In a week that has seen high-profile politicians from Virginia get exposed while wearing blackface, iconic filmmaker Spike Lee is not pulling any punches in what he thinks about people such as Gov. Ralph Northam.
In a wide-ranging interview with Politico, Lee was asked if Northam – who first copped to the infamous 1984 yearbook photo before oddly claiming it wasn’t him – should get a pass for claiming to have learned from his mistake.
“Three words: Hell to the naw,” Lee replied while laughing. “Let me put a little Virginia on it, a little Virginia sauce. Hail no.”
“It’s interesting that all this happens in Virginia, the cradle of the Confederacy,” he added. “And let me make it deeper for you: This year, 400 years ago, the first slaves were brought on the James to Virginia—1619. And we need to start talking about that.”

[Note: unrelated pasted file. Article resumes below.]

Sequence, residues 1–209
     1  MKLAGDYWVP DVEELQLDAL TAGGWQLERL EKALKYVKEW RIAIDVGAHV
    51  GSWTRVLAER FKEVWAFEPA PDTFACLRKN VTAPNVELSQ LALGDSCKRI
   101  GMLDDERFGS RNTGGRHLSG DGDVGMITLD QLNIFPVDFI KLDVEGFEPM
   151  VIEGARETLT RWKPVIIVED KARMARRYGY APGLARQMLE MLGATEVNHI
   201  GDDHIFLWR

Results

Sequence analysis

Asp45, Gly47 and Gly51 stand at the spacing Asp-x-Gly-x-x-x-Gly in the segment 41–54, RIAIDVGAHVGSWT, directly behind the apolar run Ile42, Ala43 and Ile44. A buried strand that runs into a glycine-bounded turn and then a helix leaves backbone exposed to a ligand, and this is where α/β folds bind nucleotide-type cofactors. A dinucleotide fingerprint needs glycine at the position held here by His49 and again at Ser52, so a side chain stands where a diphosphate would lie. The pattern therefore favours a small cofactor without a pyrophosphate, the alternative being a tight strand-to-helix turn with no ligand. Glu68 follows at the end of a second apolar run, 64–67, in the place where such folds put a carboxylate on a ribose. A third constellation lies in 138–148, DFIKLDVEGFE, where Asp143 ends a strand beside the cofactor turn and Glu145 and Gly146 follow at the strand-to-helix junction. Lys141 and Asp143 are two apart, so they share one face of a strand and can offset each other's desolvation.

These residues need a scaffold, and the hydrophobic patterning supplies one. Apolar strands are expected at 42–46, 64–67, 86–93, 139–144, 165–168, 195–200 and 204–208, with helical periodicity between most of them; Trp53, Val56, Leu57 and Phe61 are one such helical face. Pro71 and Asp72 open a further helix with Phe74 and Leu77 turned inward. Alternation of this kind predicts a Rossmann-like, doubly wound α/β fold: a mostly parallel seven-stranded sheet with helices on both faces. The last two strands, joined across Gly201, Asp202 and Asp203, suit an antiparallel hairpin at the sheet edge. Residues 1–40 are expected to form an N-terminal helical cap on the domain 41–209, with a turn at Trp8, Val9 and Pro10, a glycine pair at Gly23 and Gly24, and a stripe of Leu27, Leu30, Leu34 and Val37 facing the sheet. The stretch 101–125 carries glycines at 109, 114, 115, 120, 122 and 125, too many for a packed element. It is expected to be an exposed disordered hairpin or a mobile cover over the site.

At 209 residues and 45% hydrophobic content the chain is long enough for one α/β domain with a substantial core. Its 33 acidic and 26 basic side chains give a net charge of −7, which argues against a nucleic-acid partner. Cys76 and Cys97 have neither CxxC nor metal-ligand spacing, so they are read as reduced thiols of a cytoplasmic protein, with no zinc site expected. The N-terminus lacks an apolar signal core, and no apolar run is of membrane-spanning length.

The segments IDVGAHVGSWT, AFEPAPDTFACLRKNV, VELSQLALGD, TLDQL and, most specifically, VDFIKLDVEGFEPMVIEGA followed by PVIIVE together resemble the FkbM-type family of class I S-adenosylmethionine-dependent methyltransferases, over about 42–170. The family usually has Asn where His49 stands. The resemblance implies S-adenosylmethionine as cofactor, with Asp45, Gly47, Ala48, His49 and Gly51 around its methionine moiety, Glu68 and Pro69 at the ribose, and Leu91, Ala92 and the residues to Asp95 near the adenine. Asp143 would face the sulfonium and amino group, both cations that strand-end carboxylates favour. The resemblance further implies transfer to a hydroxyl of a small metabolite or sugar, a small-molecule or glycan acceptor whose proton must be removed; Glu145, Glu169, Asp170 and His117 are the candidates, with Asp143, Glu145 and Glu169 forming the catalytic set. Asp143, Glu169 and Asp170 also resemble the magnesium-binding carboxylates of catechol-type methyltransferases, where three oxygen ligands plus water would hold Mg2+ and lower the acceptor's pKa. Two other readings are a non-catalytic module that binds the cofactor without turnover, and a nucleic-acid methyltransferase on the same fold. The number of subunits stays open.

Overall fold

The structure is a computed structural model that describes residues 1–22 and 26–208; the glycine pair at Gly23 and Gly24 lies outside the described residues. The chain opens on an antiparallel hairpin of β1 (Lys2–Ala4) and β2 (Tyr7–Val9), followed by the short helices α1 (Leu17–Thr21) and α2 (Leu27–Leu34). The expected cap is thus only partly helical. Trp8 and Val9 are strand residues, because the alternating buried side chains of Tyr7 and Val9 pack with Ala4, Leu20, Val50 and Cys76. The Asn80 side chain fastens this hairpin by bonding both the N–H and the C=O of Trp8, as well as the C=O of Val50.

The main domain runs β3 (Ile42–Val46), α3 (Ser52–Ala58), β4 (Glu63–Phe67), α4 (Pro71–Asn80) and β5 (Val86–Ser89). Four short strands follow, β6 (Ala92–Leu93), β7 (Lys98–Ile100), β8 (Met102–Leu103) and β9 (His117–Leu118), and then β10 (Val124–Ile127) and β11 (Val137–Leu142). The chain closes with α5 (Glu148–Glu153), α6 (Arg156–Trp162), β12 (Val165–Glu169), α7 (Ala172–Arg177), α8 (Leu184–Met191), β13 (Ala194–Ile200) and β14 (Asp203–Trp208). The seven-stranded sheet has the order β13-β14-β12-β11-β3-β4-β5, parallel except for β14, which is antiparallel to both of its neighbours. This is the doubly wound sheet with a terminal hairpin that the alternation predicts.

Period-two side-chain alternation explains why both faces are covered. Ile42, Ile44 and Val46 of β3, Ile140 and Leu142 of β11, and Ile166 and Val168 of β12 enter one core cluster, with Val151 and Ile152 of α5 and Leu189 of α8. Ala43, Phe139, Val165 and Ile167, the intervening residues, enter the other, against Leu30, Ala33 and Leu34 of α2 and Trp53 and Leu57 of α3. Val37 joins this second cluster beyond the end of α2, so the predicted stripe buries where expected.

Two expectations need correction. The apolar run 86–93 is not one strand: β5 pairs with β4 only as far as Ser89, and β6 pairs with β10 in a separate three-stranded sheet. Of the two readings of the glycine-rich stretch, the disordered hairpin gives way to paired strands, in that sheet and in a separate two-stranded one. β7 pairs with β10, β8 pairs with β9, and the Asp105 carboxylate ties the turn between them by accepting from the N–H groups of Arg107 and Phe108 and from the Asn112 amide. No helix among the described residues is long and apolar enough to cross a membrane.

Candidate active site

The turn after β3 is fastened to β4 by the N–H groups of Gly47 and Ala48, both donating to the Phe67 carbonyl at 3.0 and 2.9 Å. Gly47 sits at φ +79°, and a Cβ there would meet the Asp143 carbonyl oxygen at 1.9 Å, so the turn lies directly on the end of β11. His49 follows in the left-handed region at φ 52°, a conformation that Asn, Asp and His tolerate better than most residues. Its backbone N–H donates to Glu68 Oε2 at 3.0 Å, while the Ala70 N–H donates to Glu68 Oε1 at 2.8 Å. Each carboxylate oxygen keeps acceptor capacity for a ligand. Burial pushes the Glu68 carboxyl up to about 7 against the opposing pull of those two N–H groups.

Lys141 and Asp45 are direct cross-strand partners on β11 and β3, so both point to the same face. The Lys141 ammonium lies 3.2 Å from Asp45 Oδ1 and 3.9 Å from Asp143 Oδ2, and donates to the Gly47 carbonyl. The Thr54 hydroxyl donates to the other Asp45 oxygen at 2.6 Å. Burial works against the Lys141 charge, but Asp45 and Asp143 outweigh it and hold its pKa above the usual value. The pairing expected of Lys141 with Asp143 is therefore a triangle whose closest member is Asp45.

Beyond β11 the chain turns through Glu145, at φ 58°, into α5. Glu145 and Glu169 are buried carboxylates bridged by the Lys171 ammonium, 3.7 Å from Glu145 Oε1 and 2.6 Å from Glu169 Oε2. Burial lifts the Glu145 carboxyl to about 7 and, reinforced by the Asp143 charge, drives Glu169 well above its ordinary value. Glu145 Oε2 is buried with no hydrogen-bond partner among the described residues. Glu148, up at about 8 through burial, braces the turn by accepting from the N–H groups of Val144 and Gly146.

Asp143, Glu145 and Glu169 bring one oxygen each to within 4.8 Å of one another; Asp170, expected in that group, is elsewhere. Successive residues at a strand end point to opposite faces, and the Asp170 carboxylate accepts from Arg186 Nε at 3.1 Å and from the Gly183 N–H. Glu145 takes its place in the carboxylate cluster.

Lee’s film BlacKkKlansman has been nominated for six Academy Awards and that film – as have many of his classic films – highlighted the history of blackface in the U.S. and how it is inappropriate no matter what the decade was. He also challenged the notion that racism like this was over when President Barack Obama took office in 2009.
“I was not one of those individuals who was hoodwinked or bamboozled into thinking that when my brother Barack Hussein Obama put his right hand on Abraham Lincoln’s Bible there would be a magical moment and we’ll enter the post-racial world,” Lee said. “I wasn’t going for it. Hell no. I do not believe that for a second. Another lie, another false narrative.
“Because if that’s the case we wouldn’t be in the world we are today,” Lee said, “and you could say that a lot of stuff is a reaction to eight years of president No. 44 in the White House.”